4 Habitat and ecological networks The concept of habitat is one of the most central concepts in ecology and conservation biology. Briefly, habitat is the range of environmental conditions under which a species may occur. Habitat can be defined at several hierarchical levels. For example, the habitat of the wood-decaying fungal species Amylocystis lapponica can be defined to be (from general to specific; macrohabitat to microhabitat) "forest", "spruce forest", "natural spruce forest with abundance of dead wood", "a dead spruce log", or "a naturally downed large spruce log of intermediate decay stage". All these definitions are equally valid. Importantly, habitat is not equal to species occurrence. Habitats which are perfectly suitable for the focal species may vary greatly in the abundance of the focal species, including the case in which the species is not present at all (e.g. Hanski 2005). Often the suitable habitats are distributed over space in a fragmented manner, i.e. as a network of habitat patches. If the populations inhabiting the individual habitat patches interact with each other, the capacity of such an ecological network (Lawton et al. 2010) to promote the persistence of biodiversity may be greater than simply the sum of those of the individual fragments. Below, I will use the term habitat to refer to the main macrohabitats involved in the network of conservation areas in the Netherlands: forests, heaths, and wetlands. From the species perspective, the conservation status of a fragment that provides suitable habitat is not relevant. However, I will start from the assumption that the habitat fragments outside the network of protected sites will not remain accessible for the species in the long term due to competing land use pressures. Thus I refer with the term ecological network to the network of protected areas, i.e. the Dutch National Ecological Network (Reijnen et al. 2012). Habitat loss and fragmentation and the concept of connectivity The concepts of habitat loss and fragmentation are illustrated in Fig. 1. Habitat loss refers to the loss of habitat area or habitat quality. Loss or deterioration in habitat quality includes processes such as loss of natural structures, e.g. abundance of dead wood in forested habitats. In the case of Netherlands, especially relevant aspects of habitat deterioration include eutrophication and acidification (Reijnen et al. 2012). Habitat fragmentation per se refers to loss of connectivity, i.e. the division of continuous habitat into small and isolated fragments without decreasing habitat area or habitat quality. In reality, habitat loss and fragmentation occur together, and in this sense habitat fragmentation per se can be considered as a theoretical concept. While the total area that can be protected depends much on economical constrains (funding available for conservation) and political will, the spatial configuration (where to allocate the conservation funds) can be adjusted more easily, and thus in this sense it is of great practical value to understand the consequences of habitat fragmentation per se. Structural connectivity of a habitat fragment refers to the proximity of other habitat fragments and the existence of corridor-like structures. Population-dynamic connectivity of a habitat fragment refers to the proximity of those habitat fragments that are inhabited by the focal species, and here proximity should be measured in terms of the movement capacity of the focal species. The term isolation is used as an inverse of connectivity. 4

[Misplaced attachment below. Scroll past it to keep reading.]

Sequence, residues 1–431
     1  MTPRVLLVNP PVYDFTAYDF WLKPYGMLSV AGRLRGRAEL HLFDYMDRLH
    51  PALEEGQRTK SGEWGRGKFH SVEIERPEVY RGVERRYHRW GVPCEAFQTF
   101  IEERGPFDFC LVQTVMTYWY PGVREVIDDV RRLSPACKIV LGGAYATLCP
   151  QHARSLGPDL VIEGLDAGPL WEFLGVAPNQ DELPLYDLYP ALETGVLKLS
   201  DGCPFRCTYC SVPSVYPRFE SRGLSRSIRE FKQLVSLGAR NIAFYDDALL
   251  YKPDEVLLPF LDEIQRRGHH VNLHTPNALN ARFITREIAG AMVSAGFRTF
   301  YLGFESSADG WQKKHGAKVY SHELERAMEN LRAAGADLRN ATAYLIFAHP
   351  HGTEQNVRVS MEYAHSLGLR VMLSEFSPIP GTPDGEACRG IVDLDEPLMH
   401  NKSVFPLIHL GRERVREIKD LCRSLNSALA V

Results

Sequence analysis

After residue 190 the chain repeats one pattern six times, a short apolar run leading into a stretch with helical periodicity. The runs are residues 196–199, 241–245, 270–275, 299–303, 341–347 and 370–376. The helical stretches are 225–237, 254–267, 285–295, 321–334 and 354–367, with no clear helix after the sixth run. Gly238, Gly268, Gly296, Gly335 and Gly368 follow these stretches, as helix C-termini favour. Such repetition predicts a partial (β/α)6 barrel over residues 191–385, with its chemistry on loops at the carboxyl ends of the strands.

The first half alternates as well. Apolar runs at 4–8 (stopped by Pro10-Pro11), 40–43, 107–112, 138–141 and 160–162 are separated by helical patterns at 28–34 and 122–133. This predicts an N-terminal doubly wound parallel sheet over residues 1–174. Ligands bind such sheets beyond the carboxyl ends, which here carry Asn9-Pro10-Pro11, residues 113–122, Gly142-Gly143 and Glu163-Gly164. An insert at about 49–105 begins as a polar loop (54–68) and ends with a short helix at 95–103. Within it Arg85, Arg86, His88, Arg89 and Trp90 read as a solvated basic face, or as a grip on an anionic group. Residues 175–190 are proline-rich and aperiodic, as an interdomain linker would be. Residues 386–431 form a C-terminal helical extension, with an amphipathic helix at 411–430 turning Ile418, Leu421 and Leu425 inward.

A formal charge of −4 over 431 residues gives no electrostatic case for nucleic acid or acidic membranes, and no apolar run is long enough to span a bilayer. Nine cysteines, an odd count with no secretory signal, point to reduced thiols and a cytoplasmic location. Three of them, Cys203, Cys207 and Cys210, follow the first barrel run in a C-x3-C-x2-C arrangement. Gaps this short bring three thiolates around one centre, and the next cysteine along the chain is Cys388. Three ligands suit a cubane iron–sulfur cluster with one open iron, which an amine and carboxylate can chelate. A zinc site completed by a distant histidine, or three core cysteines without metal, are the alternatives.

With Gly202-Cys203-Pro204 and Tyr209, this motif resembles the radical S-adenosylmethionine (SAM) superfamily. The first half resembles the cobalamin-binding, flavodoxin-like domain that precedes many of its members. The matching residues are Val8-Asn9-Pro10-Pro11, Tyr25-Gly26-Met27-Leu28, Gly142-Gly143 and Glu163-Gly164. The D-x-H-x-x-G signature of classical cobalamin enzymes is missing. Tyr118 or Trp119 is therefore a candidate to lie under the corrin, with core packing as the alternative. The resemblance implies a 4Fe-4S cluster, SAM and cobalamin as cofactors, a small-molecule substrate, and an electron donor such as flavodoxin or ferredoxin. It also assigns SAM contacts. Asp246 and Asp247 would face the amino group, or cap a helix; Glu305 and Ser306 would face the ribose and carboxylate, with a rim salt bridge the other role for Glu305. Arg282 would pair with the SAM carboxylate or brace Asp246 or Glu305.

5 Figure 1: Concepts of habitat loss and fragmentation. One central topic of this report deals with the role of connectivity. In simple terms, given two ecological networks with the same total amount of habitat, is it better for biodiversity conservation if the habitat occurs in a continuous manner (low level of habitat fragmentation per se, high level of connectivity) or if the habitat occurs as a set of more or less isolated habitat fragments (high level of habitat fragmentation per se, low level of connectivity)? As neither of the extremes is likely to the optimal solution (see below), thus it is important to understand which factors influence the optimal level of connectivity. Ecological corridors Ecological corridors are one mean of increasing connectivity among habitat fragments. Ecological corridors may be natural or they may be man-made, such as ecoducts and other road crossing structures aimed at enabling animal movement across highways and other dispersal barriers (Taylor and Goldingay 2010). In the context of ecological corridors, it is especially important to separate structural connectivity from functional connectivity. Structural connectivity refers to the mere existence of a corridor as a physical structure, whereas a corridor provides functional connectivity only if it actually increases movements between the populations. 5